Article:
6.1.3.1.  Telephone-number based authentication
     
     Using  the Calling-Station-Id and Called-Station-Id RADIUS attributes,
     authorization and subsequent tunnel attributes can  be  based  on  the
     phone  number  originating  the call, or the number being called. This
     allows the RADIUS server to authorize users based on the calling phone
     number or to provide tunnel attributes based on the Calling-Station-Id
     or Called-Station-Id.  Similarly, in PPTP/L2TP the tunnel  server  MAY
     choose  to  reject  or  accept the call based on the Dialed Number and
     Dialing Number included in the PPTP/L2TP Incoming-Call-Request  packet
     sent by the NAS.
     
     The  use  of  RADIUS  accounting  by  the NAS and/or the tunnel server
     allows for accounting to take place based  on  the  Calling-Station-Id
     and  Called-Station-Id.   RADIUS  as  defined  in [3] requires that an
     Access-Request packet contain a User-Name attribute as well as  either
     a  CHAP-Password  or User-Password attribute, which must be non-empty.
     To satisfy this requirement the Called-Station-Id or  Calling-Station-
     Id  may  be furnished in the User-Name attribute and a dummy value may
     be used in the User-Password or CHAP-Password attribute.
     
     In the case of telephone-number based authentication, a typical initi-
     ation sequence looks like this:
     
          Client and NS: Call Connected
          NAS to RADIUS Server: RADIUS Access-request
          RADIUS server to NAS: RADIUS Access-Accept/Access-Reject
          NAS to Tunnel Server: PPTP/L2TP Incoming-Call-Request
          Tunnel Server to NAS: PPTP/L2TP Incoming-Call-Reply
          NAS to Tunnel Server: PPTP/L2TP  Incoming-Call-Connected
          Client and Tunnel Server: PPP LCP negotiation
          Client and Tunnel Server: PPP authentication
          Tunnel Server to RADIUS Server: RADIUS Access-request (optional)
          RADIUS server to Tunnel Server: RADIUS Access-Accept/Access-Reject
          Client and Tunnel Server: NCP negotiation
          NAS to RADIUS Server: RADIUS Accounting-Request
            with Acct-Status-Type=Tunnel-Link-Start
          RADIUS Server to NAS: RADIUS Accounting-Response
          Tunnel Server to RADIUS Server: RADIUS Accounting-Request
     
     
     
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     INTERNET-DRAFT                                             18 May 1998
     
     
             with Acct-Status-Type=Tunnel-Link-Start (Optional)
          RADIUS Server to Tunnel Server: RADIUS Accounting-Response
     
     The process begins with an incoming call to the NAS. If configured for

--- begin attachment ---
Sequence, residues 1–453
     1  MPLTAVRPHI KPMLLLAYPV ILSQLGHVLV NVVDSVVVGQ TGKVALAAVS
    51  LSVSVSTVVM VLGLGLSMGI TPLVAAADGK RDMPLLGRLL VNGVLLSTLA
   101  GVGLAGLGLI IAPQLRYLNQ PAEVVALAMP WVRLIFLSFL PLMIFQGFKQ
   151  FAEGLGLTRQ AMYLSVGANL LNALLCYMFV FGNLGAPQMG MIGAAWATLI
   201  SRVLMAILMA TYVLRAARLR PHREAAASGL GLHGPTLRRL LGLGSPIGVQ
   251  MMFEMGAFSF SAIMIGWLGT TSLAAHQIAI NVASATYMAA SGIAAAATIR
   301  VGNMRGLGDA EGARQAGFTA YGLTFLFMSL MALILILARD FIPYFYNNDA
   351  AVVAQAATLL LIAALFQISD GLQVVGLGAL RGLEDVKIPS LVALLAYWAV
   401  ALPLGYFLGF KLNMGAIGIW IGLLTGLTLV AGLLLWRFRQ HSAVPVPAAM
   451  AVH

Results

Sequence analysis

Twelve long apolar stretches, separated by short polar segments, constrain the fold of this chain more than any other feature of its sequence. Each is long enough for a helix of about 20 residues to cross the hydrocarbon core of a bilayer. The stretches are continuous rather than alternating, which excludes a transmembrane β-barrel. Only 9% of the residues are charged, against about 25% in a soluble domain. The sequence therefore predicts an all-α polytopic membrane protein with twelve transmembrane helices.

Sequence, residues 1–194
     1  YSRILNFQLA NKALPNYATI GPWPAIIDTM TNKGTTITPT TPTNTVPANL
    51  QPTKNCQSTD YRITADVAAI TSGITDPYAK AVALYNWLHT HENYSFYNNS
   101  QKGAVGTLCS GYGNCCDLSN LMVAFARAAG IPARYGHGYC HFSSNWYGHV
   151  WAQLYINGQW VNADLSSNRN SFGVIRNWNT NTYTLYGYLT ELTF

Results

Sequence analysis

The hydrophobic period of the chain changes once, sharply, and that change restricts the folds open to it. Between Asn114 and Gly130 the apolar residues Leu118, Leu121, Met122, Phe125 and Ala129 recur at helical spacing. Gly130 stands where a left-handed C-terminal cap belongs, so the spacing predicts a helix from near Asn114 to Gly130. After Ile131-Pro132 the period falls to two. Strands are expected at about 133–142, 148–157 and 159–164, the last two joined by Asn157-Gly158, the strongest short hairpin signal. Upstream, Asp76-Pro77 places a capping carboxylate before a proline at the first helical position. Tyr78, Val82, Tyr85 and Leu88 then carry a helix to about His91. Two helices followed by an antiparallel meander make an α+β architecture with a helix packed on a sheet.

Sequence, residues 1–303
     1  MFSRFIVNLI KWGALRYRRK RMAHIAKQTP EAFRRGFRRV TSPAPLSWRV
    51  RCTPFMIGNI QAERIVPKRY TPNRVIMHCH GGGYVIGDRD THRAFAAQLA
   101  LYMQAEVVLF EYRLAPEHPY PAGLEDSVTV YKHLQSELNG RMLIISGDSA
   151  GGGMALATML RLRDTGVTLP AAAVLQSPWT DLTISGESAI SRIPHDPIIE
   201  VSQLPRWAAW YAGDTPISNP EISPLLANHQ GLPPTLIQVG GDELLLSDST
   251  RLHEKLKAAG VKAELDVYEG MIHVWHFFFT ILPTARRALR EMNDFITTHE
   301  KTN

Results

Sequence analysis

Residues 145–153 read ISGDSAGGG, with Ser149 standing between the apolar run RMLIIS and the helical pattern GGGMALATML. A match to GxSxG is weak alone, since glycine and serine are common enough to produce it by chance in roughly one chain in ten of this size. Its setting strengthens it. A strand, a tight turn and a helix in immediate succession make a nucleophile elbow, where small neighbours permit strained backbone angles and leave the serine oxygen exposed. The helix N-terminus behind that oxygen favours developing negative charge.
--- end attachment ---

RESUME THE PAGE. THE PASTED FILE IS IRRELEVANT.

telephone-number based authentication, the NAS sends a RADIUS  Access-
     Request  containing  the  Calling-Station-Id and the Called-Station-Id
     attributes. The RADIUS server will then respond with a RADIUS  Access-
     Accept or Access-Reject.
     
     The  NAS MUST NOT begin PPP authentication before bringing up the tun-
     nel. If timing permits, the NAS MAY  bring  up  the  tunnel  prior  to
     beginning  LCP  negotiation  with  the peer. If this is done, then LCP
     will not need to be renegotiated between the peer and  tunnel  server,
     nor will LCP forwarding need to be employed.
     
     If  the initial telephone-number based authentication is unsuccessful,
     the RADIUS server sends a RADIUS Access-Reject. In this case, the  NAS
     MUST send an LCP-Terminate and disconnect the user.
     
     In the case where tunnel attributes are included in the RADIUS Access-
     Accept, and a PPTP/L2TP tunnel is indicated, the NAS will now bring up
     a  control  connection if none existed before. This is accomplished by
     sending a PPTP/L2TP Start-Control-Connection-Request  message  to  the
     tunnel  server.   The  tunnel  server will then reply with a PPTP/L2TP
     Start-Control-Connection-Reply.  If this message indicates  an  error,
     or  if  the  control connection is terminated at any future time, then
     the NAS MUST send an LCP-Terminate and disconnect the user.
     
     The NAS will then send an PPTP/L2TP Incoming-Call-Request  message  to
     the  tunnel  server. Among other things, this message will contain the
     Call Serial Number, which along with the  NAS-IP-Address  and  Tunnel-
     Server-Endpoint  is  used  to  uniquely  identify the call. The tunnel
     server will reply with a  PPTP/L2TP  Incoming-Call-Reply  message.  If
     this  message indicates an error, then the NAS MUST send an LCP-Termi-
     nate and disconnect the user. If no error is indicated, the  NAS  then